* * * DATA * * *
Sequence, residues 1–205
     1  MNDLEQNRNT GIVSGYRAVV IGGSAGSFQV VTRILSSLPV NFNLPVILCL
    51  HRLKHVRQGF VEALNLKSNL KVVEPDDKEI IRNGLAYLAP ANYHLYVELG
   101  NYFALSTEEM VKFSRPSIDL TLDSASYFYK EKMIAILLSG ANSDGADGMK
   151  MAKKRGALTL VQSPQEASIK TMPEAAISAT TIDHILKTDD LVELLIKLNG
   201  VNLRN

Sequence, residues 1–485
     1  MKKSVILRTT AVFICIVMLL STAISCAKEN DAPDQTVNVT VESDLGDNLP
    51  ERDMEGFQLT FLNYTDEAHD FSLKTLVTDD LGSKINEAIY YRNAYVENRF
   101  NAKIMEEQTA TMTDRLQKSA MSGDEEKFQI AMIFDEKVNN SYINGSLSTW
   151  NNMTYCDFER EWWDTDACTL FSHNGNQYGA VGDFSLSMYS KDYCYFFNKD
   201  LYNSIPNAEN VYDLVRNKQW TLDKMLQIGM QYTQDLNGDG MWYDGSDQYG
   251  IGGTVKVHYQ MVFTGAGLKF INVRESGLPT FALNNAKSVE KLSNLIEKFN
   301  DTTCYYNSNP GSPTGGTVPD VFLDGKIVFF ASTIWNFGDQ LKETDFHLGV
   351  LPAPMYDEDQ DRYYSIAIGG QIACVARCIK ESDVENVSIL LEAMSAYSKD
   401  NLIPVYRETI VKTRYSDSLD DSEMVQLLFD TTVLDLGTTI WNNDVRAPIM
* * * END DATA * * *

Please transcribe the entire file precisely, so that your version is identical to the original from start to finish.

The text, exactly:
Sequence, residues 1–205
     1  MNDLEQNRNT GIVSGYRAVV IGGSAGSFQV VTRILSSLPV NFNLPVILCL
    51  HRLKHVRQGF VEALNLKSNL KVVEPDDKEI IRNGLAYLAP ANYHLYVELG
   101  NYFALSTEEM VKFSRPSIDL TLDSASYFYK EKMIAILLSG ANSDGADGMK
   151  MAKKRGALTL VQSPQEASIK TMPEAAISAT TIDHILKTDD LVELLIKLNG
   201  VNLRN

Sequence, residues 1–485
     1  MKKSVILRTT AVFICIVMLL STAISCAKEN DAPDQTVNVT VESDLGDNLP
    51  ERDMEGFQLT FLNYTDEAHD FSLKTLVTDD LGSKINEAIY YRNAYVENRF
   101  NAKIMEEQTA TMTDRLQKSA MSGDEEKFQI AMIFDEKVNN SYINGSLSTW
   151  NNMTYCDFER EWWDTDACTL FSHNGNQYGA VGDFSLSMYS KDYCYFFNKD
   201  LYNSIPNAEN VYDLVRNKQW TLDKMLQIGM QYTQDLNGDG MWYDGSDQYG
   251  IGGTVKVHYQ MVFTGAGLKF INVRESGLPT FALNNAKSVE KLSNLIEKFN
   301  DTTCYYNSNP GSPTGGTVPD VFLDGKIVFF ASTIWNFGDQ LKETDFHLGV
   351  LPAPMYDEDQ DRYYSIAIGG QIACVARCIK ESDVENVSIL LEAMSAYSKD
   401  NLIPVYRETI VKTRYSDSLD DSEMVQLLFD TTVLDLGTTI WNNDVRAPIM